Initially intended as a standalone movie with a "choose your own adventure" ending, Linklater returned to Jesse and Celine in 2004 to continue their story.

Realism and disappointment Before Sunset

The sequel, "Before Sunset," confirms the pessimists' predictions when it reveals that the lovers never reconnected. The film opens with a 30-something Jesse, in a French bookstore, promoting his autobiographical novel about his night with Celine. Of all the bookstores in all the world, Celine walks into that one, and the two reconnect.

It's probably a coincidence that Jesse's plugging his book at Celine's favorite bookstore, but it's difficult not to celebrate the simple circumstances that bring the two characters together. If they aren't careful, rational audiences might begin to believe in destiny and eternal love, but Linklater injects hard reality into the story. "Before Sunrise" focused on two precocious, and optimistic youngsters, but "Before Sunset" explores an older, arguably wiser, and jaded side of the characters.

In retrospect, Jesse and Celine decide it was ridiculous that they never exchanged surnames or phone numbers, forgetting how thrilling and liberating the night was for their younger selves. The two adults no longer understand the impulsivity of youth that led them to spend an unforgettable night together and choose to focus on the irrationality of the decision. The unbridled freedom and optimism of love that audiences saw in the first film is notably absent in the follow-up. Instead, Linklater uses this film to comment on the negative effects of adulthood, which often discourages people from taking risks, enjoying fleeting moments, and being honest with others.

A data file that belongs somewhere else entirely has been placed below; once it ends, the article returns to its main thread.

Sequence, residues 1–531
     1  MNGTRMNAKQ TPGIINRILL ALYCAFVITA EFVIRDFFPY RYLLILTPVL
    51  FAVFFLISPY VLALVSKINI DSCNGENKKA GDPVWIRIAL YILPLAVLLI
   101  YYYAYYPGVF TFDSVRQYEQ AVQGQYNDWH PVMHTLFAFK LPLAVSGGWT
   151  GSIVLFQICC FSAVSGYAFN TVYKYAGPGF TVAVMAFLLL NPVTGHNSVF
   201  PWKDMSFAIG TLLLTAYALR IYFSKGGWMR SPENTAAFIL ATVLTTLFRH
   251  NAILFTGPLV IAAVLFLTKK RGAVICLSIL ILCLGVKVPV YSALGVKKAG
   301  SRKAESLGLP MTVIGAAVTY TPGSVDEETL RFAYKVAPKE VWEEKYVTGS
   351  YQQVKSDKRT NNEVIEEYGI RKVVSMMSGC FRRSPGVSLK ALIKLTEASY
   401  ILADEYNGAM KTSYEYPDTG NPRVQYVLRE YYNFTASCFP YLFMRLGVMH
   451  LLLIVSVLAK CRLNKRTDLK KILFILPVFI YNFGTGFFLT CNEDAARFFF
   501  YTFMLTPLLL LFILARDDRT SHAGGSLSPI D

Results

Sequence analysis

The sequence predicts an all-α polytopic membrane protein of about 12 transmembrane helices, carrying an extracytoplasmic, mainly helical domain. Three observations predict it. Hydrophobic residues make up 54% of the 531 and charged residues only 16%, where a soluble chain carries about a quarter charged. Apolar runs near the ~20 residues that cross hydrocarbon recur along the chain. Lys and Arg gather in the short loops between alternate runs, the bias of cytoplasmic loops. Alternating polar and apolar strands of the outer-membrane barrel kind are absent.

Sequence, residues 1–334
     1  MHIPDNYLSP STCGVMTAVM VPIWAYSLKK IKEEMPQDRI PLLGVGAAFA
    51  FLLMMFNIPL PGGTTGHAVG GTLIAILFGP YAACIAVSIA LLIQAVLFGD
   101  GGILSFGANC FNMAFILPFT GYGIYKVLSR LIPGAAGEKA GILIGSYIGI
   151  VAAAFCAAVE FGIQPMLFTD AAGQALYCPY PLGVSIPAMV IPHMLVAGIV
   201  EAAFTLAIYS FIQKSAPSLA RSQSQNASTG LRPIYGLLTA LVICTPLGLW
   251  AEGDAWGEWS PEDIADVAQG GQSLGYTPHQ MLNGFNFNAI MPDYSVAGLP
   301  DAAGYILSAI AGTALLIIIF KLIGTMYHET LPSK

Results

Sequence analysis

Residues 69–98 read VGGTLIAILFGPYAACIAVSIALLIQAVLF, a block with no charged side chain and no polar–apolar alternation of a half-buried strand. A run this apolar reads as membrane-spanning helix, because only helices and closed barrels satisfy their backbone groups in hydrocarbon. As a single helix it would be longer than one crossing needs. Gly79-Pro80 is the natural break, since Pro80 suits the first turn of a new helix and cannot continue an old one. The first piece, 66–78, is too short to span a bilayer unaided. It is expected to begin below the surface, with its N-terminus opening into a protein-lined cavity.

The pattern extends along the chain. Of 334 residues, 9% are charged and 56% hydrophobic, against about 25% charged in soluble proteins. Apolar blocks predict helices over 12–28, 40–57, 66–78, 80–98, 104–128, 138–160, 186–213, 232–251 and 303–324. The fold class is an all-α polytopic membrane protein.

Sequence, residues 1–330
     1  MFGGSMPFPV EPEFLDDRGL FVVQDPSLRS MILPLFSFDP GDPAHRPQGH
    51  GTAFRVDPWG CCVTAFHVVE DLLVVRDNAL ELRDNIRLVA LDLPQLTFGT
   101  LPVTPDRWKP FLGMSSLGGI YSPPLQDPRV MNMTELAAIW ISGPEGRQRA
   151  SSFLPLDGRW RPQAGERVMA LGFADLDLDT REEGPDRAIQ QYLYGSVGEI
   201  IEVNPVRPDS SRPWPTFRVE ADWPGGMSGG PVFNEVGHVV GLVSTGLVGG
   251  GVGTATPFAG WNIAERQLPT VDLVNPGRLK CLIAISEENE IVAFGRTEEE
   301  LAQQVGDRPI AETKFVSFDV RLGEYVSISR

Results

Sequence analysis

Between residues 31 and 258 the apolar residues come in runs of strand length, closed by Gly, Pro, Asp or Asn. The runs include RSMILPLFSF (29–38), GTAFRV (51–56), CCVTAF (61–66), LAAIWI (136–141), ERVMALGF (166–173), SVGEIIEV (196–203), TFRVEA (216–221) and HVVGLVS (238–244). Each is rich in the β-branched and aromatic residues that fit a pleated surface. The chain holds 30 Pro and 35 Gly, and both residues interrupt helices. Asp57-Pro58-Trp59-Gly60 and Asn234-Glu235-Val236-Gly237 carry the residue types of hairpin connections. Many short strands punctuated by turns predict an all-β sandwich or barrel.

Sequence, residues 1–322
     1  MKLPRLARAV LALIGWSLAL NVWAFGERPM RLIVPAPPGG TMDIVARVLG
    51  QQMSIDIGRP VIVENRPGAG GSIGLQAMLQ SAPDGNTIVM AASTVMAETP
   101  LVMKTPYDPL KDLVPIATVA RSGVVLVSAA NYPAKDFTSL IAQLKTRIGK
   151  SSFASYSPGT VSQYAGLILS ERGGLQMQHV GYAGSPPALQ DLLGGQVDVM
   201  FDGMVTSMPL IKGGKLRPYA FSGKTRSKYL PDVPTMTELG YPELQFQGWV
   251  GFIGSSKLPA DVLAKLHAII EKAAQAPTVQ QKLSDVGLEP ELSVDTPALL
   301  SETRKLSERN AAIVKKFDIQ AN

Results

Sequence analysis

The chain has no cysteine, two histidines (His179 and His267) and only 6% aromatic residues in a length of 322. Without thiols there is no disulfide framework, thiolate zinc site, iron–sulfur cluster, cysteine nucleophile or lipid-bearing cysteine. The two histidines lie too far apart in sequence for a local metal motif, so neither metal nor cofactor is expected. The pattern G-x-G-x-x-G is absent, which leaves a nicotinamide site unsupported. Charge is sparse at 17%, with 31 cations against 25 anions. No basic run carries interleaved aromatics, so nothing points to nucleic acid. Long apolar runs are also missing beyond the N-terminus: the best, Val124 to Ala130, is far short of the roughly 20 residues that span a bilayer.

As adults, Jesse and Celine find it difficult to communicate with significant others, even though they were able to easily open up to each other years earlier. Their lives and experiences have caused them to put up walls and close themselves off from others, but they are still capable of connecting with each other, which leads to a potentially hopeful or heartbreaking ending.

Potential hope and heartbreak

As we learn in the first film, Celine and Jesse have a deep, emotional connection, but can it last? Will their pessimistic pasts and difficulty communicating get in the way of their happily ever after? Or can they reignite the optimism and hope within each other?

At the end of "Before Sunset," Jesse is in Celine's apartment, watching her dance like Nina Simone, with no intention of ever leaving her again. "Baby, you are gonna miss that plane," Celine says, quoting the song. "I know," Jesse replies, smiling. 

For a fleeting moment, the two characters recapture the youthful excitement of new love, and connection, but will it last? For youthful optimists and hopeless romantics, the answer is yes, while jaded adults who have experienced failed relationships and broken dreams will say no. Again, Linklater left the choice to you, or you can watch the last film in the trilogy, "Before Midnight" to find out.